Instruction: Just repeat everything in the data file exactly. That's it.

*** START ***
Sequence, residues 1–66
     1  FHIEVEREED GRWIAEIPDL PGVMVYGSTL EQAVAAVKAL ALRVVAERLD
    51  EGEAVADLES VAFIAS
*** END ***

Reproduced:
Sequence, residues 1–66
     1  FHIEVEREED GRWIAEIPDL PGVMVYGSTL EQAVAAVKAL ALRVVAERLD
    51  EGEAVADLES VAFIAS